Initially, the study was designed to accrue up to 20 HER2-positive and up to 20 HER2-negative patients, in order to explore the CNS response rate according to HER2 status. However, because of slow accrual to the HER2-negative cohort, the study was amended on August 23, 2011, to remove the limit on the number of maximum patients per cohort and to remove formal analyses of clinical outcomes by HER2 status.
PFS was defined as the time from start of treatment to time of progression, second cancer, or death, whichever occurred first. Patients who were alive and progression-free at the date of last contact were censored at the date of last contact. OS was defined as the time from start of treatment until death. Patients who were alive at the date of last contact were censored on that date. PFS and OS were estimated by Cox proportional hazards regression models with hazard ratios (HR) with 95% confidence intervals (CI) and presented by Kaplan-Meier plots. Significance level was P < 0.05 with Holm-Bonferroni corrections for multiple comparisons.
Patients and treatment
Thirty-eight women were enrolled between November 2009 and August 2012 (29 HER2-positive, 9 HER2-negative). As shown in Table 1, 87% of patients were ECOG PS 0–1 on study entry, and patients had received a median of 3 lines of chemotherapy in the metastatic setting (range 0–10). Most patients (33/38; 87%) had previously received WBRT, SRS, or both, with median time from last radiation to study entry of 7.5 months. Among patients with HER2-positive disease, all but one had prior trastuzumab and 70% had prior lapatinib. Patients had to be on stable or decreasing doses of corticosteroids for at least 7 days prior to enrollment. Investigator-rated neurological signs and symptoms were collected throughout the study (Supplemental Figure 2). Half of patients were denoted as having at least one sign or symptom at study baseline. Seven patients (18.4%) were taking corticosteroids at baseline.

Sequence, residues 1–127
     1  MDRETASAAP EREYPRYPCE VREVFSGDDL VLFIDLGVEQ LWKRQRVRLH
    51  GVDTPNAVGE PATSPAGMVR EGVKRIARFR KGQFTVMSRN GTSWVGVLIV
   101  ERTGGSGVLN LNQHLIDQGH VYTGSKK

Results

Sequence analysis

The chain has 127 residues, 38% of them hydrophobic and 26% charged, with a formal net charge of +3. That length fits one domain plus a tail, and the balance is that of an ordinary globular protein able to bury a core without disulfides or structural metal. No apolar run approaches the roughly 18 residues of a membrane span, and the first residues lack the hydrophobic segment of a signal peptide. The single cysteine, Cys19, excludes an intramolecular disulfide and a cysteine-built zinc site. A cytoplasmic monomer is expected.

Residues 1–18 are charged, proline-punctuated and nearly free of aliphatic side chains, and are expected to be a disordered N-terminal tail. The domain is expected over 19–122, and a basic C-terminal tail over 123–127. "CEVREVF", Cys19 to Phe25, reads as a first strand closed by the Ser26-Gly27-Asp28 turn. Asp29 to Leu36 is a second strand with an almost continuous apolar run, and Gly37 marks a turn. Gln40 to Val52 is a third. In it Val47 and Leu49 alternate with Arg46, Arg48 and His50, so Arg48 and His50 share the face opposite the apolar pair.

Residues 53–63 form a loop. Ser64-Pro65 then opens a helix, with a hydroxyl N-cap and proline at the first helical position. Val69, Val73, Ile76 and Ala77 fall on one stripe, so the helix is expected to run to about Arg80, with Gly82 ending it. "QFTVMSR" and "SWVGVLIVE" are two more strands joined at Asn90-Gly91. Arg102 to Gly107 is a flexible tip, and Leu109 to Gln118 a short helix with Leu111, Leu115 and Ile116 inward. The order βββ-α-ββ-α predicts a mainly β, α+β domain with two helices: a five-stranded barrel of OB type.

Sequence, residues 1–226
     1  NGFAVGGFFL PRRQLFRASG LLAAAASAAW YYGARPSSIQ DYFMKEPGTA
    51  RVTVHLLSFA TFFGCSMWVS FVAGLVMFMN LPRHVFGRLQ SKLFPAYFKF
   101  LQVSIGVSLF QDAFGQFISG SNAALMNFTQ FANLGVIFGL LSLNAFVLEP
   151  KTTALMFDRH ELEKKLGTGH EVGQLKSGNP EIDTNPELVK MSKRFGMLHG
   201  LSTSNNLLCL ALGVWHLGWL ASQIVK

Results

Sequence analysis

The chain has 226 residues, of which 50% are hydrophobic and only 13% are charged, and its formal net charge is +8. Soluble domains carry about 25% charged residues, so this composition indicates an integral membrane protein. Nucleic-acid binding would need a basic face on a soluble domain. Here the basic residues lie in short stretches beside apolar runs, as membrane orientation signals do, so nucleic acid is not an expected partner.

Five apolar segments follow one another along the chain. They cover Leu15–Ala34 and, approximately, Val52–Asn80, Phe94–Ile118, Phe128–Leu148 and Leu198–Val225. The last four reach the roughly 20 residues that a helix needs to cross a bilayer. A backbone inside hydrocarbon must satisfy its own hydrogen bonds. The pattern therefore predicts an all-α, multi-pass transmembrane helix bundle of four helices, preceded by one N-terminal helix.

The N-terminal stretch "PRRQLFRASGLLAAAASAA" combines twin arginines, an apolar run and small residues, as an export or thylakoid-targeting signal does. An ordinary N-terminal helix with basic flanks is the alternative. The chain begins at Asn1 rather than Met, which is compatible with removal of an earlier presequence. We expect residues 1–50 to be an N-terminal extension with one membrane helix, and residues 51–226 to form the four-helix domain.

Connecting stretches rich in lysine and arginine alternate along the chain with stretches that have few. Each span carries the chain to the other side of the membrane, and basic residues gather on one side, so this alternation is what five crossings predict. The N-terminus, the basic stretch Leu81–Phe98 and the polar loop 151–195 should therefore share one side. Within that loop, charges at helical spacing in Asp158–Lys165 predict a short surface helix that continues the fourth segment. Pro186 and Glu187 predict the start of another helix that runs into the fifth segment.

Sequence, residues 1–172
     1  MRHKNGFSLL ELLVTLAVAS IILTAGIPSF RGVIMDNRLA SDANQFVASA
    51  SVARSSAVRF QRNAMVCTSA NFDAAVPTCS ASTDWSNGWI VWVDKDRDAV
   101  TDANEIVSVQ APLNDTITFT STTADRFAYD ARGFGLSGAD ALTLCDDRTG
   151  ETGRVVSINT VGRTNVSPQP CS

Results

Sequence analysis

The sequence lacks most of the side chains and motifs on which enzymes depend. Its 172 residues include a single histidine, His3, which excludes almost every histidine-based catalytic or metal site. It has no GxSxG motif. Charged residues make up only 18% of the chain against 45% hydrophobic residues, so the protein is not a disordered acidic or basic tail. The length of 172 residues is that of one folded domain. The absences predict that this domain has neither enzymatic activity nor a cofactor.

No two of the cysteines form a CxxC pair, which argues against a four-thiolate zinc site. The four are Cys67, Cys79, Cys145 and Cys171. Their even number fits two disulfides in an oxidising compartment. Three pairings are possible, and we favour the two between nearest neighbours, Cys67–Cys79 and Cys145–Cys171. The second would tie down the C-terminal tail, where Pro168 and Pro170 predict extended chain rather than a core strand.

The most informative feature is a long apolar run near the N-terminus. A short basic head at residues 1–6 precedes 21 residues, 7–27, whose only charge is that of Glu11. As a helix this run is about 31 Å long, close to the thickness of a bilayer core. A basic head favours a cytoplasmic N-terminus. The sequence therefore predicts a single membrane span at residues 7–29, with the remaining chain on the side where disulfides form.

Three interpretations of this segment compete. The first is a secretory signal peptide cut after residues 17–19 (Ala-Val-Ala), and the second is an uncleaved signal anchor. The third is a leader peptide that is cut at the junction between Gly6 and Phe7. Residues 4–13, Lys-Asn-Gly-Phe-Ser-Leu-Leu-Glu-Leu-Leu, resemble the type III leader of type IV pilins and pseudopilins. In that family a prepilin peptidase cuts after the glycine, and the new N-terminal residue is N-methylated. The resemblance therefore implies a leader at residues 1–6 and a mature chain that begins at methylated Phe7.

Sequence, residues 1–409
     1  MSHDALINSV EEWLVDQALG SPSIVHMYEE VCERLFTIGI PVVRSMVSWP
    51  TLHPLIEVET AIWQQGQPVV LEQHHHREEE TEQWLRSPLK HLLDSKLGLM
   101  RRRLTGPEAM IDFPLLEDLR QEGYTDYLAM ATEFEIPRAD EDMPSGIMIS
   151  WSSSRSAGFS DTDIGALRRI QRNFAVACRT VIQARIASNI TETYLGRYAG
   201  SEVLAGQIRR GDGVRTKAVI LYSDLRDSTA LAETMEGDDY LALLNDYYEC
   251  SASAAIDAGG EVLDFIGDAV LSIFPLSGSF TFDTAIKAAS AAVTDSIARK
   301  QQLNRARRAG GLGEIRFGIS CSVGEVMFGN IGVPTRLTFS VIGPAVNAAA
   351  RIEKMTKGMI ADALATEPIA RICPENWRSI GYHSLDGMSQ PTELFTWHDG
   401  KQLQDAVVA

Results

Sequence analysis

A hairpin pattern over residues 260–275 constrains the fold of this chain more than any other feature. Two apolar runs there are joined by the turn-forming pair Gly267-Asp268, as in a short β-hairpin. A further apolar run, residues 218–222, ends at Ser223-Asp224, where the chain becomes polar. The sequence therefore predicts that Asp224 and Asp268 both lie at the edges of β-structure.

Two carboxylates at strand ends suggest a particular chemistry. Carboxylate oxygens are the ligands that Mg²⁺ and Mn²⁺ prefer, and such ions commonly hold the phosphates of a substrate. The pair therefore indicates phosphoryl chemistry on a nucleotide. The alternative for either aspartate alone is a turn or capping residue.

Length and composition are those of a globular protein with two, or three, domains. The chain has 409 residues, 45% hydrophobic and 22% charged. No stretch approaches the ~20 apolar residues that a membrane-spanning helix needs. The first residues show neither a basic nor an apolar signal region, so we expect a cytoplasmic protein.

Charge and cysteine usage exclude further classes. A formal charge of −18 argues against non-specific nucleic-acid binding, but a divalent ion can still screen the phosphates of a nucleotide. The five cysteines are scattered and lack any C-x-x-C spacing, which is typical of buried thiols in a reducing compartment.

At time of data-lock (June 1, 2017), no patients were still receiving protocol therapy. The reasons for protocol therapy discontinuation were progression in CNS only (n = 16), progression in non-CNS only (n = 16), progression in both CNS and non-CNS (n = 2), treatment-related toxicity (n = 1), physician or patient decision (n = 1), and symptomatic deterioration (n = 2).
As shown in Table 2, according to protocol pre-specified composite criteria for response, the CNS ORR in the 38 assessable patients was 63% (95% CI, 47–77%). Responses were seen in both HER2-positive and HER2-negative patients. In a post hoc analysis, we also calculated the CNS ORR by response assessment in neuro-oncology brain metastases (RANO-BM) criteria and noted a CNS ORR of 47% . Of the 27 patients with measurable non-CNS disease at baseline, objective non-CNS responses were observed in 31% of patients overall, but at a higher frequency in HER2-positive patients. Median PFS (which included both CNS and non-CNS progression events) was 5.62 months (95% CI, 5.03–6.51 months) (Fig. 1a). At the time of the data-lock, all patients had died. Median OS was 14.1 months (95% CI, 11.7–20.7 months) (Fig. 1b). Figure 2 shows the MRI of a patient at baseline and after 10 months of protocol therapy, showing partial response of her left occipital lesion from 2.99 cc (16.4 mm) at baseline to 0.59 cc (9.1 mm).
The most commonly reported AEs are listed in Table 3. Overall, the regimen was well tolerated. A total of 272 cycles of bevacizumab were administered, with a median of 8 cycles (range 1–20) per patient. The most common reason for dose delay or hold was hematological toxicity (thrombocytopenia, neutropenia without fever), which was most likely due to the carboplatin. Three cases of grade 1 CNS hemorrhage and one case of grade 2 CNS hemorrhage were reported (Supplemental Table 1). There were no cases of grade 3 or 4 CNS hemorrhage. Carboplatin dose reductions were required in 23 patients. The most common reason for carboplatin dose reduction was thrombocytopenia (n = 22). Cardiac function was assessed every 4 cycles on study. Asymptomatic declines in LVEF < 50% were observed in 5 (13%) patients, with nadir ranging from 44 to 48%.